I recognise the scale of interest and concern that was generated by Natural England’s decision to revoke three general licences and I am grateful to those thousands of individuals and groups who shared their experiences in responding to the call for evidence.

The three new general licences announced today seek to minimise some of the negative impacts that the withdrawal of the previous licences had. But this is a temporary way forward and does not cover European protected sites, where the law is more complicated and we continue to engage with stakeholders.

We will shortly set out details of a wider review of general licences, to provide a long term licensing solution which balances the needs of users and wildlife.

Natural England’s Chair, Tony Juniper CBE, said:

I welcome the Environment Secretary’s announcement today, which follows a great deal of work between Defra and Natural England to tackle an exceptionally complex situation.

I am immensely grateful for the efforts of my colleagues at Natural England in putting in place alternatives for users affected by the recent changes to general licences.

Our aim has always been to ensure that there is a robust licensing system in place which takes into account the needs of people and wildlife. We look forward to working closely with Defra on a review of general licences later this year to help achieve this.

Natural England revoked three general licences (GL04, 05 and 06) in April following a legal challenge and subsequent legal advice which concluded that the three licences were unlawful. For many users, Defra’s new licences will be the appropriate option. Beyond these, Natural England recently issued three general licences GL26, GL28 and GL31 to cover some of the species and purposes covered by the original licences that were revoked. These remain in place, since they allow for specified activity on European protected sites which are not covered by Defra’s new licences.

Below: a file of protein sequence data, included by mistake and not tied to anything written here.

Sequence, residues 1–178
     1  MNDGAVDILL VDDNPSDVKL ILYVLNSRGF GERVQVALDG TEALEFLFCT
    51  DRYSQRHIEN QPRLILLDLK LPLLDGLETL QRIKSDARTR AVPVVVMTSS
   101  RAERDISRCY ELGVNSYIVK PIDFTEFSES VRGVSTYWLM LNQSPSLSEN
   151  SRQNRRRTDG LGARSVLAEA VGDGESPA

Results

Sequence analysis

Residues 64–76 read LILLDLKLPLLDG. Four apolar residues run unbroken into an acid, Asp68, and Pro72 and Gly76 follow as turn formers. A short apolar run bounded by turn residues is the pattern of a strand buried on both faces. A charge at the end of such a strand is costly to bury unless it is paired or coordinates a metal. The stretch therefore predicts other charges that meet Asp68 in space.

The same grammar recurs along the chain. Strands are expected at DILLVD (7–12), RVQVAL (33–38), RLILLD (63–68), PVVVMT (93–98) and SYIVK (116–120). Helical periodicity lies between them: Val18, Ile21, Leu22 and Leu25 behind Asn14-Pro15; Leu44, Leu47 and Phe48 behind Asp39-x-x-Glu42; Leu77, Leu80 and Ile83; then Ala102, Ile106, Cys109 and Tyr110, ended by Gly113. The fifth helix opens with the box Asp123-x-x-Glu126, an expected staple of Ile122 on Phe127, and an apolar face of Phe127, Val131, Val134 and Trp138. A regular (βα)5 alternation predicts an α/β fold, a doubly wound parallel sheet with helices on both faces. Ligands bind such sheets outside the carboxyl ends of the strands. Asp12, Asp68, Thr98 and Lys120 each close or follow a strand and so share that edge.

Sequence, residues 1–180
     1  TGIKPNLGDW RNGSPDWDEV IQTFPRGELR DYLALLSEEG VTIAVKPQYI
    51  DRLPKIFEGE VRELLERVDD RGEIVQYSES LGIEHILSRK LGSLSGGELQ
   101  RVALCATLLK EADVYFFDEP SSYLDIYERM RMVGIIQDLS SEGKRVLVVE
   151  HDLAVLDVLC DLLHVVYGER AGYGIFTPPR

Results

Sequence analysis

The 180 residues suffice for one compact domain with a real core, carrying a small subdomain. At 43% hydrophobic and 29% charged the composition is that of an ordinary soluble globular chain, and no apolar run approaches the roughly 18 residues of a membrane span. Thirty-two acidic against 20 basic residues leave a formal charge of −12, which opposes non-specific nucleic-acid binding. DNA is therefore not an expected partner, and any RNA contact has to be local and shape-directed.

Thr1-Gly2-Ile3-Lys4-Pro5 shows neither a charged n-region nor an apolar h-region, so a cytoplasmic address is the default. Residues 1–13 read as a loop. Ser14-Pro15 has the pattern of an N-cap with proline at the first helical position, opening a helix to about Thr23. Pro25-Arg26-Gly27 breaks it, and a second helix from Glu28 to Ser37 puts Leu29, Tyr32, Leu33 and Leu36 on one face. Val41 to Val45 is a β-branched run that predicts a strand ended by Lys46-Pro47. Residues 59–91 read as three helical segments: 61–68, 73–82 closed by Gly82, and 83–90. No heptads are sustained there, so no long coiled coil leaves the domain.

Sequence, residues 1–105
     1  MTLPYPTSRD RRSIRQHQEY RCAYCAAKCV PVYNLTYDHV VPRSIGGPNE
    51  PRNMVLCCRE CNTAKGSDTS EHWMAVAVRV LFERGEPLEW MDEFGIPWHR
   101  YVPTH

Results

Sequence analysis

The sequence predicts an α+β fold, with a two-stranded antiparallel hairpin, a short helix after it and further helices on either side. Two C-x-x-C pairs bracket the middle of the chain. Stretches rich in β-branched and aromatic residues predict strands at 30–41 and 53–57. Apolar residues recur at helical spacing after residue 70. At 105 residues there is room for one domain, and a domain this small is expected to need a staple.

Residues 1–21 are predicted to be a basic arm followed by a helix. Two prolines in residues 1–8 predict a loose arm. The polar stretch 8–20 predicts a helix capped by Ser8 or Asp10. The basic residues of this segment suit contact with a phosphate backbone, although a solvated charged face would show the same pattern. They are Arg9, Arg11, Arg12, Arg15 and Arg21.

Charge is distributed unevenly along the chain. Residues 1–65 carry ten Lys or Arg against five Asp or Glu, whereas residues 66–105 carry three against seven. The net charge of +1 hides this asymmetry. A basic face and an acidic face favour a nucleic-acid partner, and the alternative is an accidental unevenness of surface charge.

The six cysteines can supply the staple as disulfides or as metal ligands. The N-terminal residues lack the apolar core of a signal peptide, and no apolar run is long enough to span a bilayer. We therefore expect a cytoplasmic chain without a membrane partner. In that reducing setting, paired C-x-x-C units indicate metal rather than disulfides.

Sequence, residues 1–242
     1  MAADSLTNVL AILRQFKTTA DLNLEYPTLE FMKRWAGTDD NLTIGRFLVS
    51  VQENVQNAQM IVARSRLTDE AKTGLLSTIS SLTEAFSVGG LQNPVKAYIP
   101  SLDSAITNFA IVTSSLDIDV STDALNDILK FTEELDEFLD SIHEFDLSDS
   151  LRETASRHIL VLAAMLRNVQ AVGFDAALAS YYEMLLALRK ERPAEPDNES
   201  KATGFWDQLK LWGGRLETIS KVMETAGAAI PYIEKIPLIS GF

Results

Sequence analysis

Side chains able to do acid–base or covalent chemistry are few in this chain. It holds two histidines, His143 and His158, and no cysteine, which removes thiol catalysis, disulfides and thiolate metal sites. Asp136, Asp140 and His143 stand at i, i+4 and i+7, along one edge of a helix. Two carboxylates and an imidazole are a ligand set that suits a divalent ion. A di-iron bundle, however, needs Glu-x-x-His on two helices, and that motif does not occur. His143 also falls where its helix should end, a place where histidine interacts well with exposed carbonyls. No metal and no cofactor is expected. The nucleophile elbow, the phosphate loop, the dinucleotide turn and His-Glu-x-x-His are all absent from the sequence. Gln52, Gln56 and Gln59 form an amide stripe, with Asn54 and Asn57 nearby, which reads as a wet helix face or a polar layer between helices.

Natural England also introduced an interim system for issuing individual licences whilst the replacement general licences were being developed. Users who have received one of these individual licences can continue to operate under them should they wish. Whichever licence a user chooses to rely on, they will need to ensure they comply with the conditions and requirements of that licence. Natural England will be contacting all applicants who have made one of these individual licence applications where a licence has not yet been issued to determine whether they need to continue to with any part of their application.

New licences
General licence to kill or take certain species of wild birds to conserve wild birds and flora or fauna (GL34)

Species covered: Carrion Crow, jackdaw, jay, magpie, rook, Canada goose, Egyptian goose, monk parakeet, ring-necked parakeet, sacred ibis and Indian house-crow

General licence to kill or take certain species of wild birds to preserve public health or public safety (GL35)

Species covered: Carrion crow, jackdaw, magpie, feral pigeon, rook, Canada goose and monk parakeet

General licence to kill or take certain species of wild birds to prevent serious damage to livestock, foodstuffs for livestock, crops, vegetables, fruit, growing timber, fisheries or inland waters (GL36)

Species covered: Carrion crow, jackdaw, magpie, feral pigeon, rook, woodpigeon, Canada goose, Egyptian goose, monk parakeet and ring-necked parakeet

Gulls

Users can continue to apply to Natural England for an individual licence for control of herring gulls, and now for lesser black-backed gulls. Due to their poorer conservation status, these species have not been included in the new general licences. In terms of control of nests and eggs, their breeding season for this year is largely complete, so Natural England is developing a new class licence for these species to be ready in good time for next year’s breeding season.

Protected sites

European protected sites are subject to specific EU law requirements given their particular importance to conservation. These include a process for ensuring that any impacts on the site are properly considered before any plan or project can be undertaken, known as a Habitats Regulations Assessment (HRA). There are a number of ways in which people can continue to carry out control on European protected sites – which include Special Areas of Conservation (SACs), Special Protection Areas (SPAs) – as well as Ramsar sites. For instance, they can apply to Natural England for an individual licence if they are not already covered by an existing individual licence or the specific circumstances provided for by Natural England’s three recent general licences (carrion crow, Canada goose and woodpigeon). Users who already have an individual licence issued since 25 April 2019 can continue to operate under that should they wish.